If you’re snorkelling on one Australia’s many beautiful reefs, don’t touch any pretty conical snail shells you see. If you get too close, these predatory snails can spear you with their venomous harpoons! The Queen Victoria Cone is endemic to Australia, meaning its the only place in the world you’ll find these ghastly gastropods.

Although it is similar to the equally-scary and more widespread Geography Cone, which is also found in Australia’s northern waters. Both subdue their prey by stabbing them with venom-delivering, tooth-like things called radulas. Cone snail venoms contain dozens of different conotoxins—short chains of amino acids that can mess with neuronal signaling in different ways, ultimately paralyzing their victims.

Those potent venoms allow these snails—which, as you would expect, aren’t exactly known for their speed—to feed on animals that might otherwise outpace them. Some species even take down fish! If you’re unfortunate enough to tread on one of them, you might just feel a bee-like sting at first.

Then, the stung area may go numb and turn blue due to the lack of blood flow. The limb could become temporarily paralyzed, and you could even experience blurry vision, feel faint or have trouble breathing as the venom spreads. And big geography cones have killed people, though deaths are super rare.

So... maybe think twice before picking up that souvenir from the ocean floor. If you already know not to eat suspicious looking fruit or pick up unknown objects from the sea, great. But to be wracked with agony for months, all you have to do is brush up against the wrong plant on a hike in the tropical forests of northern Australia, particularly the beautiful.

Tablelands near Cairns. The Gympie Gympie tree is infamous for causing some of the most excruciating pains imaginable. One researcher described it as burning like acid while being electrocuted at the same time.

And it packs such a painful punch because its stem, purple raspberry-like fruits, and heart-shaped leaves are all covered with tiny, silica-tipped hairs — the same stuff that makes up quartz. These easily pierce your skin then break open, releasing toxins stored inside. The main pain-inducing compound is a linked bundle of eight amino acids called moroidin—though how it causes such agony is not known.

The hairs are so delicate and fine that your skin can quickly heal over them, trapping them inside you. There, the hairs take years to break down, and every time you move, they can release more of the very stable, very painful chemical. People have reported continuing pains for up to a year after being stung.

What’s more, the Gympie Gympie regularly sheds its hairs, making them airborne where they can drift into your nose and cause nosebleeds. And while, compared to other toxins on this list, moroidin isn’t that deadly, people have died from Gympie Gympie stings—either from shock, or just because the pain became too much to bear. Curiously, some native Aussie animals have learned to tolerate the toxin and can eat the leaves and fruit without having those silica tipped spines explode in their mouth and cause excruciating pain!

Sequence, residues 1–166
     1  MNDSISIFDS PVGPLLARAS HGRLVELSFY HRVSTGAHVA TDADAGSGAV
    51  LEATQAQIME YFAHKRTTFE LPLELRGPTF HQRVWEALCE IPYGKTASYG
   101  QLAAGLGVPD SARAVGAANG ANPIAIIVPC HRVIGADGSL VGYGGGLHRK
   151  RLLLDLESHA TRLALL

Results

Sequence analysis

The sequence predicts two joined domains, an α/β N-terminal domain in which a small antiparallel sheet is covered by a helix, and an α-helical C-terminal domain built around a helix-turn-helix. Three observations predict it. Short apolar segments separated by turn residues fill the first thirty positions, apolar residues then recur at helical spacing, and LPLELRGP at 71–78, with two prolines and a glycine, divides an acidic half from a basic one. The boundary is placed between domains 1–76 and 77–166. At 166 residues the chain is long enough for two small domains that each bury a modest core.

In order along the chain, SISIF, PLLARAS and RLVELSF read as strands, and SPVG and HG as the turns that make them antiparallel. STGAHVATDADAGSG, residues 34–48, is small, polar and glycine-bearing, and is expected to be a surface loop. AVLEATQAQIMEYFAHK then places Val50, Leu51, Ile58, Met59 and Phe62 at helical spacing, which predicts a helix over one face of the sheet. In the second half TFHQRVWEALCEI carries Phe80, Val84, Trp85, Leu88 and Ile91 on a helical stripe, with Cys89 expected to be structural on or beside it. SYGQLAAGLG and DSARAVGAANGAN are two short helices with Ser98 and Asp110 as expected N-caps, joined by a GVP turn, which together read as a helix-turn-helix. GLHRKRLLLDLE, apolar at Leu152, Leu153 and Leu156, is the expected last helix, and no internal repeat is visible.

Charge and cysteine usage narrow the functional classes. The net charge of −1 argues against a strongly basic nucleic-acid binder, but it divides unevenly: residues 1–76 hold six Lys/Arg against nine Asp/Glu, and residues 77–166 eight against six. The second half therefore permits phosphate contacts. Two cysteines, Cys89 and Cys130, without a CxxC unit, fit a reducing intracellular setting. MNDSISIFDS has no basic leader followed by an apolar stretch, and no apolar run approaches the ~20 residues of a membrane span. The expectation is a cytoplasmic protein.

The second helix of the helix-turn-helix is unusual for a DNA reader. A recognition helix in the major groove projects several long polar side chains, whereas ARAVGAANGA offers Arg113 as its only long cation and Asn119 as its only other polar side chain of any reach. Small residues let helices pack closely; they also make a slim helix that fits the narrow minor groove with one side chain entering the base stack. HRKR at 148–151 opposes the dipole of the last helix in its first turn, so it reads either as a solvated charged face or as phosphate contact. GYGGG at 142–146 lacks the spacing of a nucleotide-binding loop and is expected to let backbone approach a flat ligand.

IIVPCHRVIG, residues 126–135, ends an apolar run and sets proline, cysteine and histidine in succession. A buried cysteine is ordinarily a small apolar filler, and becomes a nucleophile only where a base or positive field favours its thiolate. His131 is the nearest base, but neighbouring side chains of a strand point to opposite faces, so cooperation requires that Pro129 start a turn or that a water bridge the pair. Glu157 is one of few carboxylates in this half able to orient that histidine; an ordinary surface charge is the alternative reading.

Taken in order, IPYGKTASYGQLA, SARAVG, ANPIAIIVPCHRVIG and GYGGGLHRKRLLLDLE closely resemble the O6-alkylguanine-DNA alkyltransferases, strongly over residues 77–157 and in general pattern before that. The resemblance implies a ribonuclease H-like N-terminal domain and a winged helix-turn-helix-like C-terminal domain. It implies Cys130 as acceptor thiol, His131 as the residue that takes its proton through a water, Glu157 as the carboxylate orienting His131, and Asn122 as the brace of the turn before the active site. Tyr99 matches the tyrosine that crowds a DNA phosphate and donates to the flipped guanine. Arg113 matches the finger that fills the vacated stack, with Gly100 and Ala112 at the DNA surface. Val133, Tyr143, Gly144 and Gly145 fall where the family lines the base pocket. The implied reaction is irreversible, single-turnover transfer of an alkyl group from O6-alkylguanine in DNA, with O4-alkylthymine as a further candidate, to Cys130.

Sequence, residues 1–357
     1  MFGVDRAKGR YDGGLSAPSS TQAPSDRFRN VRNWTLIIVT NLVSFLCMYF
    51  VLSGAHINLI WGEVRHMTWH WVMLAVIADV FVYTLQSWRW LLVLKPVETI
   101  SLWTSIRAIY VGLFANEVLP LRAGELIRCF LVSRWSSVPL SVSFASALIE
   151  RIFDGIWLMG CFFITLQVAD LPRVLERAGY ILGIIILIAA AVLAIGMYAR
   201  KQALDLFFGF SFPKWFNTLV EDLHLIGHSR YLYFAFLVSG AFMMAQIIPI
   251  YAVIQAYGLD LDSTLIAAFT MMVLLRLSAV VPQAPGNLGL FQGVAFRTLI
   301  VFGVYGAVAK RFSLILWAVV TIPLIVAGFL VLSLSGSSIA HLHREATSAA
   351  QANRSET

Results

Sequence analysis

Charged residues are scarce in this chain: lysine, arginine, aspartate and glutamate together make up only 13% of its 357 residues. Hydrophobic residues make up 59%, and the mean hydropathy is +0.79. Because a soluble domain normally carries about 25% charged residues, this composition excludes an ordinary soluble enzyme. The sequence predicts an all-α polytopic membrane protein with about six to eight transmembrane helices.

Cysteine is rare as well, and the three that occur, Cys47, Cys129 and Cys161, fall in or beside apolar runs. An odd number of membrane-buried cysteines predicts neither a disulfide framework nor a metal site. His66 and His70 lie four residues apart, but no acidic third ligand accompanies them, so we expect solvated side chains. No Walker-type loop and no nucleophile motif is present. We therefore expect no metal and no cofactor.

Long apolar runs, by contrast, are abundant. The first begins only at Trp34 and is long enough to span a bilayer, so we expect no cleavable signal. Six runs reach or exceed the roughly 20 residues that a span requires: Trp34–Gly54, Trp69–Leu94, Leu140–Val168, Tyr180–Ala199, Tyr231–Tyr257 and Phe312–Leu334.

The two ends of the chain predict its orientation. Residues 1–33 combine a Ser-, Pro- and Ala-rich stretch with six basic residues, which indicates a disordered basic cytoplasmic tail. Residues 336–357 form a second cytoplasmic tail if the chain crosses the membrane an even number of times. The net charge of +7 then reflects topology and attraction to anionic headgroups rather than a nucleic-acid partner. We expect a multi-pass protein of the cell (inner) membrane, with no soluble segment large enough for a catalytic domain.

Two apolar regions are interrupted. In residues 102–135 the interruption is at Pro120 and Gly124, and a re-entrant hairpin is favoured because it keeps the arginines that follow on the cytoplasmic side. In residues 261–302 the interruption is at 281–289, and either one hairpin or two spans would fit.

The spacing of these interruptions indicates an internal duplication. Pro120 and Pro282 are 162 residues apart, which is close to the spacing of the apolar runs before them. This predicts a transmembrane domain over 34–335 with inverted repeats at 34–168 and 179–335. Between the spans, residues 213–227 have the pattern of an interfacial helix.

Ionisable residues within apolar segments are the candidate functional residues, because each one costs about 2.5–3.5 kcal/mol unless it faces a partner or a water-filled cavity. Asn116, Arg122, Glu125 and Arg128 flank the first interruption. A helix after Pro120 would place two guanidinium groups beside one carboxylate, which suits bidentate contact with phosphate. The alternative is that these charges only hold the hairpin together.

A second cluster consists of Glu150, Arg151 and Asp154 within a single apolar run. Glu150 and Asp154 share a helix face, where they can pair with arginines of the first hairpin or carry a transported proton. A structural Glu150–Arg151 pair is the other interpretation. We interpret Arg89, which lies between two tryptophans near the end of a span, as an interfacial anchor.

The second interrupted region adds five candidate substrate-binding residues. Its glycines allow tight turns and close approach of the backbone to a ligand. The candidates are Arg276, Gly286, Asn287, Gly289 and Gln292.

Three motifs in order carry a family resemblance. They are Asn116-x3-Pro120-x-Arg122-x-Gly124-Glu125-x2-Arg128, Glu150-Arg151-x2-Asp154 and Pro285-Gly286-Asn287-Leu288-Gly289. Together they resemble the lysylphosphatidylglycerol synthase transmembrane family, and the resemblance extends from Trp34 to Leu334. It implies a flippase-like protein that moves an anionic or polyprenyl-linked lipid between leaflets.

No such luck for us though! Last on our list is probably the most terrifying creature Australia has to offer—and I’m counting the snakes and such when I say that. It’s tiny — only about 5 millimeters wide — and practically invisible.

But its stings are so painful, that it feels like your insides are crumbling. The common kingslayer is one of the smallest jellies known to harm people. So far, its range is restricted to northern Queensland, but scientists are concerned that climate change will allow them to move south to Australia’s more popular beaches.

It’s tiny size and colorless body are what make it so dangerous, because it’s hard to see even in daylight, which makes its meter long tentacles that much more difficult to avoid. Unlike most jellyfish that only have stingers or nematocysts on their tentacles, these jellies have them all over their bodies. And when they touch you, they can fire a thin tubule into your skin that injects the animals’ potent venom.

Like other jellies, their stings can burn. But they can also cause Irukandji syndrome, where your body releases dangerous levels of catecholamines. These compounds, like epinephrine, ramp up your sympathetic nervous system, causing rapid heart rate, nausea, and an overall impending sense of doom.

And that sense isn’t necessarily wrong—the jelly was named after Robert King, an American tourist who died from its sting. Luckily, stings are rarely fatal, as doctors are usually able to manage the syndrome’s more dangerous symptoms. In fact, before you cross Australia off your list of desirable holiday destinations, you can take solace in the fact that none of these horrifying things actually cause that many deaths.

Neither do Australia’s snakes or spiders, for that matter. You’re much more likely to die from falling off a horse or being kicked by a cow than you are being pecked, bitten, or stung by one of the terrors on this list. Will it hurt?

Will it be excruciatingly painful? Absolutely. But you'll probably survive!

And now that you know what to look out for, you’ll be even better at avoiding them! Thanks for watching this episode of SciShow. If you liked this list of horrifying living things, you might like our episode on 8 creepy animals that are actually harmless. ♪.